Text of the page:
New York to hold first ever men's fashion week

July 13 will see men walk the runways without the ladies for the launch of a brand new New York City fashion week, dedicated entirely to menswear.

New York to hold first ever men's fashion week

By Pam Ryan

Aptly named NYFW: Men's, the event will span over four days and includes well known fashion brands like Michael Kors, Calvin Klein and Polo Ralph Lauren.

The event is set to cost in the low seven figures, according to Steven Kolb, CEO of the Council of Fashion Designers of America, who is organising the event.

The tab will be picked up by corporate sponsors including Amazon Fashion, Dockers, Cadillac and Loews Regency Hotels, he said.

The market for menswear has grown unexpectedly over the past decade. Quartz reports that from 2010 to 2015 online sales of menswear posted an annual sales growth of 17.4%. Men's clothing is now surging faster than the female counterparts by 0.2% over the last decade, according to research firm Euromonitor.

While other fashion capitals like Milan, Paris and London have had men's fashion weeks for years, American menswear designers have had no single event, until now, to show their work.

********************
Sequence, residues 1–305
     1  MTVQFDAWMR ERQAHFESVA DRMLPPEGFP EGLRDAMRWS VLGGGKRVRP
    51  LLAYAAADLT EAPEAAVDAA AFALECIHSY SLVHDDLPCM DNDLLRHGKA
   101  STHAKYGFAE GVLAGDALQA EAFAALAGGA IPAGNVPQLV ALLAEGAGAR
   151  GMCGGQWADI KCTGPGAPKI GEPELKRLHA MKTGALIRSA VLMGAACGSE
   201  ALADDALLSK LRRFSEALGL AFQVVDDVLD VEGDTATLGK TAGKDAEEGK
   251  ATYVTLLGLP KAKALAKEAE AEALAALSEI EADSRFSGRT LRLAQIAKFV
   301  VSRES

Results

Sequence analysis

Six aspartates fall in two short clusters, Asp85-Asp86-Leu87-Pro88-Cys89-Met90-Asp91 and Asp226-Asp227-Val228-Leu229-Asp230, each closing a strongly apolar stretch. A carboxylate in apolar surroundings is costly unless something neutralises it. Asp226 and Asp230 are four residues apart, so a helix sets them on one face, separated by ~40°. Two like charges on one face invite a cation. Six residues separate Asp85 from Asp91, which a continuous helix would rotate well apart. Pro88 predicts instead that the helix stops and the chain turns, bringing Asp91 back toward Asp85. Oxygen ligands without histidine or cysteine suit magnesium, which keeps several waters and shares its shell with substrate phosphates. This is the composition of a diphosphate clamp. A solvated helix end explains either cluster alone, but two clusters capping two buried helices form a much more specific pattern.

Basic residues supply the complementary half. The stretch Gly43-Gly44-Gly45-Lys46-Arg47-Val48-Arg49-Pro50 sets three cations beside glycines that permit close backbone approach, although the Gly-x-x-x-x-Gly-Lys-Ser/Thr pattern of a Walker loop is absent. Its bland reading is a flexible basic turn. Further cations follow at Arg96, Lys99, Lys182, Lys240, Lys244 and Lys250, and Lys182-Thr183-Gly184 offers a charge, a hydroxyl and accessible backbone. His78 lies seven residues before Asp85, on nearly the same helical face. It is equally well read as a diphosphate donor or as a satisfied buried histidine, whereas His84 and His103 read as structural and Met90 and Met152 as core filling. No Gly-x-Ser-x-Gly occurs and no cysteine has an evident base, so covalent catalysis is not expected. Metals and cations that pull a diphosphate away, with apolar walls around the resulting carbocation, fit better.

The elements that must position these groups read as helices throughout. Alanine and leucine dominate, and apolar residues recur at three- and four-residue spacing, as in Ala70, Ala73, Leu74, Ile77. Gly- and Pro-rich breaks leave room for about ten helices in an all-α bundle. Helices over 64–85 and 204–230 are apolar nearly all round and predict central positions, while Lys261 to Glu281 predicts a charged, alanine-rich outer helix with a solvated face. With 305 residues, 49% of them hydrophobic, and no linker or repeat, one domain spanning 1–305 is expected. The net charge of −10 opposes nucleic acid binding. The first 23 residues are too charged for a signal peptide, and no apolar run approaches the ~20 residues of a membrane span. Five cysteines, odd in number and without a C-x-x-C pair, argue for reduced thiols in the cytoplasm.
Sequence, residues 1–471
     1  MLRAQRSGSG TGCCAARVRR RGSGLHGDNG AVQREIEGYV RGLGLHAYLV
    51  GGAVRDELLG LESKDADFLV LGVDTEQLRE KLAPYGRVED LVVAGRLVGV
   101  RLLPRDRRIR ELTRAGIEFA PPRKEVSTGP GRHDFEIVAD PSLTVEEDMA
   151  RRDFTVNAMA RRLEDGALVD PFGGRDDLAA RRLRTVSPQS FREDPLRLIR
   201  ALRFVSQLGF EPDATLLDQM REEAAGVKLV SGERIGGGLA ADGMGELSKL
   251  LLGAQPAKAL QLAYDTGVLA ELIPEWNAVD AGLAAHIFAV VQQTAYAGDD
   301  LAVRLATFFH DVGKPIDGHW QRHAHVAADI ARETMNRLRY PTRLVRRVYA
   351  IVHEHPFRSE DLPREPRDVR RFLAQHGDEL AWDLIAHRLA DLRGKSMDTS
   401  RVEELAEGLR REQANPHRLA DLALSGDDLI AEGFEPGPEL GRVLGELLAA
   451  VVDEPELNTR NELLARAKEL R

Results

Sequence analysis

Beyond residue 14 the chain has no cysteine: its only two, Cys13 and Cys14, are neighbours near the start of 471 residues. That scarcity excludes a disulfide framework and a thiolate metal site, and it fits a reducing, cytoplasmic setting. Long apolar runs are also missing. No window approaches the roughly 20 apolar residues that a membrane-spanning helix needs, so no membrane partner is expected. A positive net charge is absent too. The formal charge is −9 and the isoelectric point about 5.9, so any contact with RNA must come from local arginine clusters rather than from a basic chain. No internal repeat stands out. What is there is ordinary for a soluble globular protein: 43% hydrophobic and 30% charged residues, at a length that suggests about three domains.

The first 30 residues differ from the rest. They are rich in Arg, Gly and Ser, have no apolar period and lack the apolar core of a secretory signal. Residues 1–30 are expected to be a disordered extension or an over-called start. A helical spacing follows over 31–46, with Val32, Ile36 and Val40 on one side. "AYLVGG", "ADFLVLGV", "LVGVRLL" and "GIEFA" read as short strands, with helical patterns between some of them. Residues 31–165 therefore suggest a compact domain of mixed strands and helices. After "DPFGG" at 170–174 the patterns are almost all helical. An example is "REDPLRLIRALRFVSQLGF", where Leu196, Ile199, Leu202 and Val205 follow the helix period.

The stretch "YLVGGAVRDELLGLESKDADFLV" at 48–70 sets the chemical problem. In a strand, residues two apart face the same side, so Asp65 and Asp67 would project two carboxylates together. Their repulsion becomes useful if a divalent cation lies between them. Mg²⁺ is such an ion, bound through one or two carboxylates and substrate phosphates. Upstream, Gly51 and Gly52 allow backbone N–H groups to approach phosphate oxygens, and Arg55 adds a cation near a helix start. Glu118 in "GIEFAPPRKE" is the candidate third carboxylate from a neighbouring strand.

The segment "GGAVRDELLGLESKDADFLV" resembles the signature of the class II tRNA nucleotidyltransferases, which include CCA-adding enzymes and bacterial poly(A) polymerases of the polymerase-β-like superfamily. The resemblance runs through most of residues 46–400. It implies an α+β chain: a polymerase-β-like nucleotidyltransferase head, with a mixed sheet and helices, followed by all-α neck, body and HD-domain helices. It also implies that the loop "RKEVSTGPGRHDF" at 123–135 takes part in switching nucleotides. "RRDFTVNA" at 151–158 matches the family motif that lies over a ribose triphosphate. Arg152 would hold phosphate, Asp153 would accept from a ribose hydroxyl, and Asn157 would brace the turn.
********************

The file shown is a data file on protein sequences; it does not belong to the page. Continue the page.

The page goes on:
Men's and women's buying cycles also differ so while menswear used to be showcased alongside women's clothing during fashion week, this was often after buyers had made their purchases. Menswear houses were losing out on showcasing their pieces with the option of selling, according to Robert Burke, CEO of Robert Burke and Associates.

“It [made the shows] kind of irrelevant,” he said.

Now, NYFW: Men’s will align with the July buying season.

The event will showcase 40 designers, about one quarter that of New York women's fashion week.

David Hart, 33, who’s showing his namesake collection on the first day of the event, is thankful to have a platform to show his designs. “It’s really amazing,” he said.

“In the past, men’s shows have gotten lost in the weeds of women shows. It’s a platform for menswear to highlight the talent that’s here.”

Young designers like Hart and Alan Eckstein, the 30-year-old co-founder and designer of Timo Weiland, hope the shows will lead to orders from some of the big department stores and chain boutiques.

“It’s a huge deal for us,” Eckstein said. “This is everything we really wanted since we started showing at women’s fashion week. Showing menswear there always felt like an afterthought.”

Kolb believes that the week will show the very best of New York men’s fashion. “At the end of the day, a fashion week is a fashion week, nothing’s really that different,” Kolb said. “I just think ours is very American.”

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